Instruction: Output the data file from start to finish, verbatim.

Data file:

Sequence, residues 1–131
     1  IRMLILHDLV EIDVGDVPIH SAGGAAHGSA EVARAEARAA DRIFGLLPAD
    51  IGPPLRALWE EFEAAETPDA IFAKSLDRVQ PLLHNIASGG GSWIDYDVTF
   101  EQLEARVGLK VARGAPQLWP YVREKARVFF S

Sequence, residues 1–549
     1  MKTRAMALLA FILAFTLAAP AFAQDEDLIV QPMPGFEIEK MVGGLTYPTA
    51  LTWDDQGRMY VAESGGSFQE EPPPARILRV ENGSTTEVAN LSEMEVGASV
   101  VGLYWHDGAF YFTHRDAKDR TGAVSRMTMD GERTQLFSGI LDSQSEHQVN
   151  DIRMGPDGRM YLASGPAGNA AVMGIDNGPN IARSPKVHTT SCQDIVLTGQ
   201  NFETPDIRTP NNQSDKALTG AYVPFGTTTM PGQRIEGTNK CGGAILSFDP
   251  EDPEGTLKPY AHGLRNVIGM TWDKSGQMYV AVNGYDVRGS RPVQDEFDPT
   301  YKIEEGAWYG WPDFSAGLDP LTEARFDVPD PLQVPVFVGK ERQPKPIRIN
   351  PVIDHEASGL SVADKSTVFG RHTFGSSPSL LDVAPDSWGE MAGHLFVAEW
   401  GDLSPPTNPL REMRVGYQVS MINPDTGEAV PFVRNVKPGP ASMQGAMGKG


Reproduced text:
Sequence, residues 1–131
     1  IRMLILHDLV EIDVGDVPIH SAGGAAHGSA EVARAEARAA DRIFGLLPAD
    51  IGPPLRALWE EFEAAETPDA IFAKSLDRVQ PLLHNIASGG GSWIDYDVTF
   101  EQLEARVGLK VARGAPQLWP YVREKARVFF S

Sequence, residues 1–549
     1  MKTRAMALLA FILAFTLAAP AFAQDEDLIV QPMPGFEIEK MVGGLTYPTA
    51  LTWDDQGRMY VAESGGSFQE EPPPARILRV ENGSTTEVAN LSEMEVGASV
   101  VGLYWHDGAF YFTHRDAKDR TGAVSRMTMD GERTQLFSGI LDSQSEHQVN
   151  DIRMGPDGRM YLASGPAGNA AVMGIDNGPN IARSPKVHTT SCQDIVLTGQ
   201  NFETPDIRTP NNQSDKALTG AYVPFGTTTM PGQRIEGTNK CGGAILSFDP
   251  EDPEGTLKPY AHGLRNVIGM TWDKSGQMYV AVNGYDVRGS RPVQDEFDPT
   301  YKIEEGAWYG WPDFSAGLDP LTEARFDVPD PLQVPVFVGK ERQPKPIRIN
   351  PVIDHEASGL SVADKSTVFG RHTFGSSPSL LDVAPDSWGE MAGHLFVAEW
   401  GDLSPPTNPL REMRVGYQVS MINPDTGEAV PFVRNVKPGP ASMQGAMGKG